At first sip, the Sarsaparilla 85 is sweet, and slightly spicy. Then the ice melts. But rather than watering down the drink, it alters its taste. Earthy notes start to emerge, and the spiciness intensifies.
“Different flavour profiles emerge after the ice thaws,” explains bartender Sin Kim Shin. Quite the opposite of what you usually expect in a cocktail. Other similar drinks, where the flavour gets altered with time, can also be found at his drinking studio, Platform, located at the end of Amoy Street. The focus at this sun-strewn space: low-alcohol beverages.
“We are in an Asian country with a lot of light drinkers,” he shares. “I’m one myself but I want to be able to enjoy more than one drink.”
It’s easy to do so at Platform. The drinkmaker plays with wines, liquers, and homemade cordials – and adds a touch of carbonation to “bring out the flavour” of drinks that are low in alcoholic content. He says: “It doesn’t matter if it’s spirit-forward or low-alcohol – as long as it can express the flavours of the ingredients.”
Which is why common ingredients are favoured here – to yield unique combinations that are as surprising as they are refreshing. The Sage 43 ($17) is an example, and a personal favourite of Kim Shin. To make it, sage cordial and fino sherry are mixed together with tonic water to lend a herbaceous, dry finish. The drink was first created in five minutes, using whatever that was available on hand, he shared. “I believe that a good bartender can make a great drink using ingredients that are readily available,” adds Kim Shin.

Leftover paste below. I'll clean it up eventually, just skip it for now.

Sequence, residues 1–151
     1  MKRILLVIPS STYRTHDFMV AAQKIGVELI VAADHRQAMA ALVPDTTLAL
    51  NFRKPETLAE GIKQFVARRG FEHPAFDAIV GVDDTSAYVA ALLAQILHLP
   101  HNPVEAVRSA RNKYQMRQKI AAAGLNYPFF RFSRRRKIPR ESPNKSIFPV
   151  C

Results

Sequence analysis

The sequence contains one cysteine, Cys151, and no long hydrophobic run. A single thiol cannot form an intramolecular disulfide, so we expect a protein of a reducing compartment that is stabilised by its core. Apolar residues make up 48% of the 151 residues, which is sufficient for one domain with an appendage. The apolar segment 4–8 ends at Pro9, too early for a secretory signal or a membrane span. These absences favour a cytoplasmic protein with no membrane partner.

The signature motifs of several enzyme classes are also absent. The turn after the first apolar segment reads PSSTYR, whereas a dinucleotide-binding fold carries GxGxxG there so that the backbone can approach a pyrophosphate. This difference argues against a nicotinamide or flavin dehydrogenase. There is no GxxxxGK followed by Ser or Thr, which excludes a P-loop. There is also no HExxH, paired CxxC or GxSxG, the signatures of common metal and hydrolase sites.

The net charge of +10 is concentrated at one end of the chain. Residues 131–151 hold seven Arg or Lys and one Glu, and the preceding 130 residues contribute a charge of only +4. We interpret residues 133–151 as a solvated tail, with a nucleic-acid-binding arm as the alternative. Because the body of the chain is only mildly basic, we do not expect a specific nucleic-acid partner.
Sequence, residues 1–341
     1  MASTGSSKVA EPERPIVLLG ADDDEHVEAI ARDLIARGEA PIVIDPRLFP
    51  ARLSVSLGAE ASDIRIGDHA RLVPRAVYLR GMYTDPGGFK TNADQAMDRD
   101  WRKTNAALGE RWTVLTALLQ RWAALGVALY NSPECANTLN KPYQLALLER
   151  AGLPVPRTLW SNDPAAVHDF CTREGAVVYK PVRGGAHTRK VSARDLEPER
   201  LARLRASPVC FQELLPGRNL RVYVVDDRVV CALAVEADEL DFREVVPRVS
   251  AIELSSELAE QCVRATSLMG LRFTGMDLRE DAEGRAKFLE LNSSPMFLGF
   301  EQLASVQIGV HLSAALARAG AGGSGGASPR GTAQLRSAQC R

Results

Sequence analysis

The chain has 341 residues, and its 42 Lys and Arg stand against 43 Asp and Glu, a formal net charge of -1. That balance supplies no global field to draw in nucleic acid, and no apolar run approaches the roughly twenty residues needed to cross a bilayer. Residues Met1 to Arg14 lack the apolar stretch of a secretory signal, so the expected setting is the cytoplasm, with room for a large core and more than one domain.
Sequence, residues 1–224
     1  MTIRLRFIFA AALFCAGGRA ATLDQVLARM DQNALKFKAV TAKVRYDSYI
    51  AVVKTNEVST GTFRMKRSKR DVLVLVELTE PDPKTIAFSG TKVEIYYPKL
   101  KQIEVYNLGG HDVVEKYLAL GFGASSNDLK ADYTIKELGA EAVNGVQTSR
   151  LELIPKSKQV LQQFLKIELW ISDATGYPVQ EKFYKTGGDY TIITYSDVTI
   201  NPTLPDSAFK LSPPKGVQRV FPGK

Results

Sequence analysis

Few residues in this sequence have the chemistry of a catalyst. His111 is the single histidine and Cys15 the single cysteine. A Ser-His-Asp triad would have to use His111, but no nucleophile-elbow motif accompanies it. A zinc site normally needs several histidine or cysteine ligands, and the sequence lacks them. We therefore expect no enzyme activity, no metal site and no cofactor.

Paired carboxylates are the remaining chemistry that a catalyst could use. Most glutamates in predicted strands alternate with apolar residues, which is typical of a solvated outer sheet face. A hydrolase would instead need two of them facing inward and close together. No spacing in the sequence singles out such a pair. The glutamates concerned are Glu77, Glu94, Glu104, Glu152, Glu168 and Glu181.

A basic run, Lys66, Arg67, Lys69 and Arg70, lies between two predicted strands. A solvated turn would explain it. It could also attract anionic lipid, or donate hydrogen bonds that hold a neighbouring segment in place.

There’s a more noble reason why commonplace ingredients are heavily featured: he hopes that people can easily recreate these cocktails anywhere. Even the interior of Platform, like the menu, is designed to reflect the same pared-down ethos. The bar station is moved out to the walking area, and the countertop is kept spotlessly clean and neat. “People can easily observe how you create a cocktail,” shares Kim Shin.
“Sometimes for cocktail-making, you don’t need to overthink it,” he adds. “The simplest ingredients and recipes can create the most amazing flavour profiles.”